How Art Therapy Helps Quell Anxiety

Posted On Wednesday, 28 November 2018
How Art Therapy Helps Quell Anxiety

Anxiety disorders are the most common mental illness in the U.S., with around 40 million Americans (or 18% of the adult population) battling them.

According to a recent poll undertaken by the American Psychiatric Association, this percentage is continually growing, with some of the biggest sources of anxiety being safety, health, and finances.

If you are facing anxiety or panic attacks and you feel helpless, the good news is that there are so many ways in which you can attempt to limit or eliminate this problem, including controlled breathing, yoga, meditation, and, if you are creatively inclined, art therapy.

Art can help you in many ways, by promoting mindfulness and getting you in "the zone," and by helping you identify triggers and obstacles to a more tranquil life.

Art Therapy vs. Anxiety & Depression

A fascinating study carried out recently at the University of Gothenburg found that depressed people who were asked to draw a picture of how they were feeling, showed significant improvements in their symptoms after 10 sessions. "The focal point was that people felt like they were meeting themselves; that the picture served as a mirror where you could see and make new discoveries about yourself, a bit like coming to life, said Dr. Christina Blomdahl, art therapist. The study also showed big improvements in anxiety and sleep. The latter is important because resting well should be a vital part of your strategy to keep anxiety at bay. You don’t have to be trained in art to draw beautiful nature imagery or symbols that express your mental state. With a few simple lessons, you can learn the basics of proportion and perspective, and give life to increasingly artistic works that can highlight aspects of your life that may need change if you are to live a happier, more relaxed life.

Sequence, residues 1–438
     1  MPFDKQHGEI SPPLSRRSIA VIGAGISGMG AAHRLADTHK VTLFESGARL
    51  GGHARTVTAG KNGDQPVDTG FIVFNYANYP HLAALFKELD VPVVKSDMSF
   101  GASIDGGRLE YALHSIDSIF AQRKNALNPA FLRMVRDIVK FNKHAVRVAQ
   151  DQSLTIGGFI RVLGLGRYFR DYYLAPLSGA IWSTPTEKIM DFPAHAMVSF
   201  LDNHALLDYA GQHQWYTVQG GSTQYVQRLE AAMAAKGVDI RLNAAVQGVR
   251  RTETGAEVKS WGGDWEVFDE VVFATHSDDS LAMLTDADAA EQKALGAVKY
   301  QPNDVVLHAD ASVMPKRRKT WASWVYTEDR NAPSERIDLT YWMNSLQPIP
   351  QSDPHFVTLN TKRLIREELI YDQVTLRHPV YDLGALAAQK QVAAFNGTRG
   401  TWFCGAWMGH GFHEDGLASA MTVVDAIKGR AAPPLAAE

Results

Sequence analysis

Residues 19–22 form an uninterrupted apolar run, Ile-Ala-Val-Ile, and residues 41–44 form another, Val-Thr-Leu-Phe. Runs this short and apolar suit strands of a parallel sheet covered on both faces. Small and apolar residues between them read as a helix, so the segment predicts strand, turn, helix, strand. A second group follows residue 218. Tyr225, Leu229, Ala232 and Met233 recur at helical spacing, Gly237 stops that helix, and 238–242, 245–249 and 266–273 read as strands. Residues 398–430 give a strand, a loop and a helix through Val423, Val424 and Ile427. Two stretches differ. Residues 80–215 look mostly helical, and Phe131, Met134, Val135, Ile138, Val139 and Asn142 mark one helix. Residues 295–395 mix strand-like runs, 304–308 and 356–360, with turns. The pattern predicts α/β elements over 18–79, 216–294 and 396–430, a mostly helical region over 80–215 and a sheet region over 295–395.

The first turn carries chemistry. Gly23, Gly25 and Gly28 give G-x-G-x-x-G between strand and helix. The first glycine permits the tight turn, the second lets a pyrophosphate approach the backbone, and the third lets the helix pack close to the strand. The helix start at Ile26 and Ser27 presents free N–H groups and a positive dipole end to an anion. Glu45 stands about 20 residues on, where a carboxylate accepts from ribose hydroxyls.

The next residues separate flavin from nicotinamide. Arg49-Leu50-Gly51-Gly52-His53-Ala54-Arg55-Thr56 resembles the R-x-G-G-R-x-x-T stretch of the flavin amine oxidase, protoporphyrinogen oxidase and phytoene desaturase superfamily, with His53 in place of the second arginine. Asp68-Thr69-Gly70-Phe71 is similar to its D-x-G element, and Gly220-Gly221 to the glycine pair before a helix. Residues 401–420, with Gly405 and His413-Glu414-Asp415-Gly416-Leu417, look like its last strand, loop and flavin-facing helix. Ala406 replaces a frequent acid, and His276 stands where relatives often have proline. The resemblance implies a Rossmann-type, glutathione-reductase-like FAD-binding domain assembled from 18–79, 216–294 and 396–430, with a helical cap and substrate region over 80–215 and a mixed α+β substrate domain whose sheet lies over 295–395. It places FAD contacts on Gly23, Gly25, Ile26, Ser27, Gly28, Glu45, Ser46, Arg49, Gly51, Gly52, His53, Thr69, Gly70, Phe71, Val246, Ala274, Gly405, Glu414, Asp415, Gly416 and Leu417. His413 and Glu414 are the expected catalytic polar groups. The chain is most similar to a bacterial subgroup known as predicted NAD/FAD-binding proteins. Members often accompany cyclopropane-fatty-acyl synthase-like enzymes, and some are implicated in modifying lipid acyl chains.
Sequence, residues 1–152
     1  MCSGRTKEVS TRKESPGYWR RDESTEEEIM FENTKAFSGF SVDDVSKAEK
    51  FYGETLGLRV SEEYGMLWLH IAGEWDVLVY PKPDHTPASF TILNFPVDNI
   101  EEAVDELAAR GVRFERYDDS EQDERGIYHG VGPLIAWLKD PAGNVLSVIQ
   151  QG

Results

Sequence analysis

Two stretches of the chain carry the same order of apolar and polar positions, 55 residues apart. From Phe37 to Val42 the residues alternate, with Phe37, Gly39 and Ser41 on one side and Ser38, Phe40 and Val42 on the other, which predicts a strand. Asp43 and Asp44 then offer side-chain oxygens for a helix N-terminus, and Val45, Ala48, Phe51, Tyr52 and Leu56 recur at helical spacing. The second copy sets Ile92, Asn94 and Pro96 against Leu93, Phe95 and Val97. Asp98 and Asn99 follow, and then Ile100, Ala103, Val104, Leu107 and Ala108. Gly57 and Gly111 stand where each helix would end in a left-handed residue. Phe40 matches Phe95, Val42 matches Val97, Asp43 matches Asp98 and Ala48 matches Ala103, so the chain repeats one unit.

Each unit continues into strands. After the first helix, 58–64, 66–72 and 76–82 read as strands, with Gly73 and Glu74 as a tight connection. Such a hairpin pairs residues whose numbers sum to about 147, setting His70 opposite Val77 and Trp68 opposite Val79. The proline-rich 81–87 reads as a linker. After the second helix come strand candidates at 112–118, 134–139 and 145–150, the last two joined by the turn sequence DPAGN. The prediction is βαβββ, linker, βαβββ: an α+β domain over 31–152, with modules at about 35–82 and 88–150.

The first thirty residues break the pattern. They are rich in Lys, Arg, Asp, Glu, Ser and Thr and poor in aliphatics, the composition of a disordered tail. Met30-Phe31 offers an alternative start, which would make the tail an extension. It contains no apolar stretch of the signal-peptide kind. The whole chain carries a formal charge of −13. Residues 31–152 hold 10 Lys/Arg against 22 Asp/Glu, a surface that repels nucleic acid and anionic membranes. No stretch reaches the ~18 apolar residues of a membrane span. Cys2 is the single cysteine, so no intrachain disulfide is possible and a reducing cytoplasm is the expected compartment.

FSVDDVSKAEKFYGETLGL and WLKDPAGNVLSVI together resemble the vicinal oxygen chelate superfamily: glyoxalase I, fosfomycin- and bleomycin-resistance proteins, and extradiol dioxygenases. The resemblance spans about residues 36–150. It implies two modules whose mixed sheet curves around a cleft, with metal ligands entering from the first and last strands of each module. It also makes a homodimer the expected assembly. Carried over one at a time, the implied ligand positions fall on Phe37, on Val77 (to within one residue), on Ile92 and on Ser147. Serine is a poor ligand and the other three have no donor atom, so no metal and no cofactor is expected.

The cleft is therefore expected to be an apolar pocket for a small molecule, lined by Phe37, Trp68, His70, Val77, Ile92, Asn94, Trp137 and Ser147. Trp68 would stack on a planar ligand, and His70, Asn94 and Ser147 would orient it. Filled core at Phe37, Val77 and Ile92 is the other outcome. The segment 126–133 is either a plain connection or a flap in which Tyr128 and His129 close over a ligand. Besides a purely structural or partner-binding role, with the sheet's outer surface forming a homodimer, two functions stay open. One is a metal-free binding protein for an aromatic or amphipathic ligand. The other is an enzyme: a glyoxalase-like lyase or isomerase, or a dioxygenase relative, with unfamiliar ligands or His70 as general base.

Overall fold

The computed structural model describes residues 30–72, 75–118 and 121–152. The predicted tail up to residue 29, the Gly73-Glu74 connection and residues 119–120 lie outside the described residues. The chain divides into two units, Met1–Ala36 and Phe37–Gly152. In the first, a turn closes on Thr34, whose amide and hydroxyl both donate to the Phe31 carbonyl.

Combining Art & Meditation to Battle Anxiety

To really lower levels of stress hormone, cortisol, consider doing meditation as well as creating art. Researchers at Thomas Jefferson University have found that a program combining these two stress busting methods resulted in changes in brain activity associated with lower stress and anxiety. The study was carried out on women with breast cancer, and considering that this disease can result in depression, anxiety, and panic, the fact that art therapy can help is powerful testimony to its abilities to boost our mental health and mood. Interestingly, another study showed that art therapy was able to reduce symptoms, improve quality of life, and increase the ability to cope with stress, in patients with different types of cancer. Researchers noted that “Art provides a vehicle for expression. It may be preferential to some cancer patients who may be uncomfortable with conventional psychotherapy or those who find verbal expression difficult.”

Using Art to Make a Change

Sometimes, a persistent situation in your life may be your biggest anxiety trigger. If so, you may be interested to learn that art can help you identify new triggers you may not even have been aware of. In a fascinating report, art therapist Brian J. Horay notes that art therapy is an excellent way for people to identify the obstacles standing in the way of change. For instance, we may know that a relationship is unhealthy, yet find it difficult to let go. Art can help us identify how we feel about our current situation and, alongside a qualified therapist, consider small changes that can have a big effect on our health, happiness, and well-being.

There are many additional therapies that can help you battle anxiety in a natural way. These include Tai Chi, relaxation exercises, and journaling. Finding an activity you love and enjoy is an important way to consistently keep stress at bay, and to understand pent-up emotions and thoughts that may trigger anxiety. If you have never created art before, don’t worry. All it takes is a few lessons and a bit of practice, until you start creating imagery that is both beautiful to look at and symbolic of important issues in your life that may need change.

Jess Walter

Jess Walter is a freelance writer and mother. She loves the freedom that comes with freelance life and the additional time it means she gets to spend with her family and pets.

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